• P&G delivered the item either to the Wal-Mart distribution center or directly to the concerned stores.
  • 22.
    • Wal-Mart and P&G
    • Successful proposition for both.
    • Wal-Mart could monitor its stock levels in the stores constantly .
    • identify the items that were moving fast.
    • P&G could also lower its costs.
  • 23. CASE STUDY
  • 24.
    • Point Spring & Draft Shaft Company
    • PSD is a leading distributor of medium and heavy-duty truck parts.
    • In 1997 PSD combined with Brak Drum & Equipment Company to expand their scope of expertise and better service their customers.
    • Out of 5,000 truck parts distributor, PSD was recently recognized by truck parts and service magazine as one of the top five distributors in the United States.
  • 25.
    • The critical component of PSD’s success is to have the right parts available at the right time.
    • Point Spring manager, states, “When we don’t have the right parts on-hand, the process of expediting orders drives our costs up and therefore, reduces our margins and potential profit.“
  • 26.
    • Why PSD used VMI?
    • Using the traditional business systems to manage inventory were sufficient, but they had limitations.
    • Critical inventory activities information was not updated frequently enough to maintain a clear picture of fluctuating customer demand.
    • “ These systems were slow to react which put us in stock-out situations and forced us to expedite orders at substantial increase in costs, in order to maintain our customer service commitments”.
  • 27.
    • PSD’s weak working relationship with suppliers affects its ability to satisfy demand of its customer.
    • PSD found many of the leading companies were using VMI to gain the benefits that it was looking for.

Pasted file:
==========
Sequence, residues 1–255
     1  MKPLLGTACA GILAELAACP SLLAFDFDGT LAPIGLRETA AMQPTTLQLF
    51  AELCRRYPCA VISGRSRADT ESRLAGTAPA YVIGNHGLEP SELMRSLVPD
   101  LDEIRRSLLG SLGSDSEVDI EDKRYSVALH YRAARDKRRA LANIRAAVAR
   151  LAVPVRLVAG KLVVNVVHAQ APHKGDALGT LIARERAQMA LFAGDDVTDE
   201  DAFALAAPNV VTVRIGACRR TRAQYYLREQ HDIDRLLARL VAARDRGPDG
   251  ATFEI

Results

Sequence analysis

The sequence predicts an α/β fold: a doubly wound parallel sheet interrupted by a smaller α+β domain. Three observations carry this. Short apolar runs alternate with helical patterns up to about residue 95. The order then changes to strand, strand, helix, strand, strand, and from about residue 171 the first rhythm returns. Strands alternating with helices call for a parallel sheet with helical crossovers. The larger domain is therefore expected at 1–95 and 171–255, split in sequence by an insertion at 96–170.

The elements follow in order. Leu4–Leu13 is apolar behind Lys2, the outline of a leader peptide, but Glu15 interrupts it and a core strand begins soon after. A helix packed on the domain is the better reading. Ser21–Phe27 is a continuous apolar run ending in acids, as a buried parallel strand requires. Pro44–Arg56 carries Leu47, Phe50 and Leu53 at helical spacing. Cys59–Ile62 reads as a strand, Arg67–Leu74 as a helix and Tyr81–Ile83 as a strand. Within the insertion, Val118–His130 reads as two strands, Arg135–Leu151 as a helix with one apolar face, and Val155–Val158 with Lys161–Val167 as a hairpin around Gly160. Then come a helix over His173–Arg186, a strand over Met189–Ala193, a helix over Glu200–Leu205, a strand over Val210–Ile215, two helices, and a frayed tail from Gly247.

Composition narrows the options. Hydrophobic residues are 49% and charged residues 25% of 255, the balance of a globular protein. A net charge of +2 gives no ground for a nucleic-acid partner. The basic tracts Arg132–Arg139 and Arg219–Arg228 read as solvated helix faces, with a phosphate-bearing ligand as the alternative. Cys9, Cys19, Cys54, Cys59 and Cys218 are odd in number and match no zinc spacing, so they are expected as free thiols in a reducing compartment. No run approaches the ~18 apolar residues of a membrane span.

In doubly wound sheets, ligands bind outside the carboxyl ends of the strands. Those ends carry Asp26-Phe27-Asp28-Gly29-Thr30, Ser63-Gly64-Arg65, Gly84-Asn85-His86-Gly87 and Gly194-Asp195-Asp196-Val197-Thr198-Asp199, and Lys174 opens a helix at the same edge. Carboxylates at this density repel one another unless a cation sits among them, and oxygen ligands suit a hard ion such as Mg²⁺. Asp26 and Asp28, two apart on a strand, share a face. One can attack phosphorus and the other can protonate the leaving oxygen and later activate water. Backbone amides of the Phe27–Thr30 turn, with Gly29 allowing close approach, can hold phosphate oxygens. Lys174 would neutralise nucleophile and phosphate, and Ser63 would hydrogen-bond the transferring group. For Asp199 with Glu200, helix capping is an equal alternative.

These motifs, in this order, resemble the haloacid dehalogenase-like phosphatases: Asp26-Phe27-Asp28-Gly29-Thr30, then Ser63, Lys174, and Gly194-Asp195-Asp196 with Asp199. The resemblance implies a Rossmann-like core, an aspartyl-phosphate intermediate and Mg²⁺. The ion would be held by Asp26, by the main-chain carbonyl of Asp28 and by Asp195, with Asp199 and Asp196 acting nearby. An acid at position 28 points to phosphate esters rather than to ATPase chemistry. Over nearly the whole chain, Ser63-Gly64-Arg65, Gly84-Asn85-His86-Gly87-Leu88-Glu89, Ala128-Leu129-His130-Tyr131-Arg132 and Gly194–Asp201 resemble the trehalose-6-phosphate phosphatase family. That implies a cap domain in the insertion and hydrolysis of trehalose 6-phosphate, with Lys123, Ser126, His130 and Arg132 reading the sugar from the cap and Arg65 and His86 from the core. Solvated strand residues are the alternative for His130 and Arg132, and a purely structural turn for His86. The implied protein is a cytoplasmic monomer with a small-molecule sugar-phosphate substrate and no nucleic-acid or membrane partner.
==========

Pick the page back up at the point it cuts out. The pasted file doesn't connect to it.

• research led PSD to Enterprise Data Management and their Datalliance VMI service.
    • VMI was applied in PSD to only some product lines.
  • 28.
    • Results from using VMI
    • helped PSD effectively manage inventory.
    • the appropriate quantity of a specific part in stock, when the customer needs it.
    • Sales in VMI lines increased between 7%-10% with no increase in inventory.
    • VMI helped PSD to decrease inventory carrying and expediting cost.
  • 29.
    • VMI product lines actually increased slightly to 96%.
    • VMI benefits the suppliers in making good forecasts and manufacturing plans due to daily basis customer demands available.
    • "We absolutely value our suppliers that use VMI, and have set an objective to convert our top 15 suppliers to VMI as soon as possible," concludes Ryan.
  • 30. Non successful example of VMI implementation
  • 31.
    • K-Mart Example
    • K-Mart has also cut back its VMI program from more than 300 suppliers down to about 50.
    • vendor departments achieve service levels of 99.5% while maintaining inventory levels at more than 70% below objective.
    • found most manufacturers did not have adequate forecasting.
    • K-Mart's loss of control over the scheduling of shipments was a major factor in trimming the program.
  • 32. The biggest obstacles to VMI
  • 33.
    • Two major obstacles to a successful VMI implementation:
    • Strategic: the concerns most often expressed at the distributor level.
    • Some distributors concerned about letting their private information getting into the hands of their vendors.
    • At the strategic level, a high level decision must be made about how the company wants to position itself.
  • 34.
    • Operational: job functions, processes and performance measurements will all need to change in order to get the most benefit.
    • The sources of resistance are many, but the most common is change.
    • Other issues that interrupt VMI implementation are regarding the management of change and specific job changes.
    • Concerns such as the role of buyers and sales people in the new environment and the new measurement systems must be addressed.
  • 35.
    • Conclusion
    • Although there has been some cases with unsatisfactory results in applying VMI concept, but in general the VMI systems has been highly successful in most experiences.
    • On paper, VMI seems simple to implement, but in the real world of personalities and professional relationships, there are many obstacles to climb.
    • In short, trust is very important for the VMI model to succeed.
  • 36. Questions & Answers